The sweat hogs who slave under a hot excel sheet while making impartial integrated media plan recommendations (based on reams of truly quality-based databases) are sometimes bewilderingly accused of a quid pro quo between their media buy and various simple media tchotchkes.

One accusation brought to our attention deserves an objective look:

A print buyer made a recommendation he believed was in the best interests of his client, a leading female-based cosmetics firm. The recommendation is based on taking a "compression" strategy approach, calling for placing 143 pages, essentially 100% of the print, TV and outdoor budget in one of the leading (ranked 4th) European Mens Magazines (commonly referred to as “Laddy Boy” pubs), for the all- important Q4’05 selling season.

The sticky wicket is that some (their words: overly jealous) media sales people representing other print vehicles as well as a significant number of TV and Outdoor, (their words: mansy-pansy) types have complained that the buyer is using the $20 million budget for his own benefit.

They point to the coincidental timing between the recommendation and his purchase of London-based flat in the tony KnightsBridge section of town. The brand manager on the client side, who happens to be the buyer’s fiancé feels this type of retributive slander gives the media business a bad name. The magazine in question is no direct family relation to the buyer or brand manager. However, the (their words: spoil-sport) media vehicles, all of whom the buyer states "were seriously considered based on the media objectives" but not selected - point to the fact that magazine sales person was the buyer’s college room mate. The Brand Manager states this has nothing to do with the strategy.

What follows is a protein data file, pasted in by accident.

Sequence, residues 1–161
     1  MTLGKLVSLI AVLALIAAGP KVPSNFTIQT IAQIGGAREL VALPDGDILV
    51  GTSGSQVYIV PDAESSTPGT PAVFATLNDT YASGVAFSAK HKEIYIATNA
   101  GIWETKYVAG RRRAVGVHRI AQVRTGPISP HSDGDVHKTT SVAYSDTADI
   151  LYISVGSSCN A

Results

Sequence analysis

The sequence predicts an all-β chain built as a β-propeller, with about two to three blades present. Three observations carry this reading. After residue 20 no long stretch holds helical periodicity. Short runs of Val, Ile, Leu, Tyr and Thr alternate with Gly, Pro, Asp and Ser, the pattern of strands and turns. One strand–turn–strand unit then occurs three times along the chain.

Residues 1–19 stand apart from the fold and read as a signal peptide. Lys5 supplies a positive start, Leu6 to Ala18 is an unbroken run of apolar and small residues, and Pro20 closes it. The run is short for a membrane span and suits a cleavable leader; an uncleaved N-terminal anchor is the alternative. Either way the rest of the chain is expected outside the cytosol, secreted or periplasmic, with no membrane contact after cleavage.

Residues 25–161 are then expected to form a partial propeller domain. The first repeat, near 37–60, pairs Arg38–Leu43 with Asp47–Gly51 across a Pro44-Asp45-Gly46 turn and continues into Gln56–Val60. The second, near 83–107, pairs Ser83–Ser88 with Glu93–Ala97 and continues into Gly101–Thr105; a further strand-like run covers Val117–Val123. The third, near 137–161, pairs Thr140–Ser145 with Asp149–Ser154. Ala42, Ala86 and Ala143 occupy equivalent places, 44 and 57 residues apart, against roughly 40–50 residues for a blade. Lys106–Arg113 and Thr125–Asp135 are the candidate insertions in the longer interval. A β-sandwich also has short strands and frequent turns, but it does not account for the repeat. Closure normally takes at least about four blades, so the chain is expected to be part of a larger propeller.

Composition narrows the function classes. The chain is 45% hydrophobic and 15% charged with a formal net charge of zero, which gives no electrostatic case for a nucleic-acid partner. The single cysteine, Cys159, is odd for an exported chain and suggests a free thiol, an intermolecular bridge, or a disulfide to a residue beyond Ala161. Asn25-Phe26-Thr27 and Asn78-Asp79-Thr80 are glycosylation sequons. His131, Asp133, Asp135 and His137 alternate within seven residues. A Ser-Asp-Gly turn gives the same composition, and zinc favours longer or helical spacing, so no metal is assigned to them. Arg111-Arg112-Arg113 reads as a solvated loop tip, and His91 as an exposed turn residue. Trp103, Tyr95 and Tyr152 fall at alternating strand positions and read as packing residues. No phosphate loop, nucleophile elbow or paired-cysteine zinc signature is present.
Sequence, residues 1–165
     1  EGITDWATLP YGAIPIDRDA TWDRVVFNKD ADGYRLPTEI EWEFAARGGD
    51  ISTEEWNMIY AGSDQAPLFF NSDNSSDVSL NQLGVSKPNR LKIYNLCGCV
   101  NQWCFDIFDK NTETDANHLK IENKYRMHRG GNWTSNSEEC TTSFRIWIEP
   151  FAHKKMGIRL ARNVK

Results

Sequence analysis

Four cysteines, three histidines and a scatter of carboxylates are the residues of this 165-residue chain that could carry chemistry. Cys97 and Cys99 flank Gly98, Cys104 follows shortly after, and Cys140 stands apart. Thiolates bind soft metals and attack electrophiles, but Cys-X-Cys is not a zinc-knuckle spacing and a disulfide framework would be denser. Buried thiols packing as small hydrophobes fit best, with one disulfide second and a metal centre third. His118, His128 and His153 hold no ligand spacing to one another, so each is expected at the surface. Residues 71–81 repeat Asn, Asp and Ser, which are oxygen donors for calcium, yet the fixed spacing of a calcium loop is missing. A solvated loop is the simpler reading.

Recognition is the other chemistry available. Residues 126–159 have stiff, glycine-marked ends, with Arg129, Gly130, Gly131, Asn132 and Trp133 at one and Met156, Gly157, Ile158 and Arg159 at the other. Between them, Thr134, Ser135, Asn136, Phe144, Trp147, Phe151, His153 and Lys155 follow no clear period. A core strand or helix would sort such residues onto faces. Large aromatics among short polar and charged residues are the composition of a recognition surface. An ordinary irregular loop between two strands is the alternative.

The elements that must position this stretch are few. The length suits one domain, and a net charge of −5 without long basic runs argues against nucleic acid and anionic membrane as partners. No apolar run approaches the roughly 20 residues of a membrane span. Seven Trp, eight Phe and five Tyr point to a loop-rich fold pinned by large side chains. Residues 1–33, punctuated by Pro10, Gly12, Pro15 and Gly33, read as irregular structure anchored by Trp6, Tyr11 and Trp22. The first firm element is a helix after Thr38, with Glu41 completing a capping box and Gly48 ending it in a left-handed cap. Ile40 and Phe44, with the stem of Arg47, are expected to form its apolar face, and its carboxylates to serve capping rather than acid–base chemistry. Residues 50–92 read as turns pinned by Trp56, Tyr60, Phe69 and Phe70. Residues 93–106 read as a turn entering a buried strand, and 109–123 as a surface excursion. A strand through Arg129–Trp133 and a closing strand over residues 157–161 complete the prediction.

Furthering the tension behind this (their words: strategic) media commitment is the accusation that funds allocated to the pub are helping pay for the $4.7 million 6-bedroom white-stone duplex. In his defence, the print buyer says, "There’s really a simple explanation for this. I went down to Atlantic City and took my entire $1,867.00 savings account and put it all on red at the Roulette table. I did this 127 times straight which netted me the $4.7 million needed to purchase the pad."

Insights Summary
These stories, commonly referred to as "verbatims" in research-speak were collected while we were conducting the online field research. As part of this project, we came across many interesting perspectives and individuals, though one leading agency leader should share thoughts, which we think sums up the bravery and courage found consistently throughout our business:

"Our next generation of Madison Avenue-based leaders - who will likely push us out once we start making way too much money - are in fact real inspirations. It makes me often think of another inspirational roll-model, Whitney Houston and her very insightful words, "I believe that children are our future..."

Pretty much say it all. We look forward to building upon this learning in 2006.

Thank you.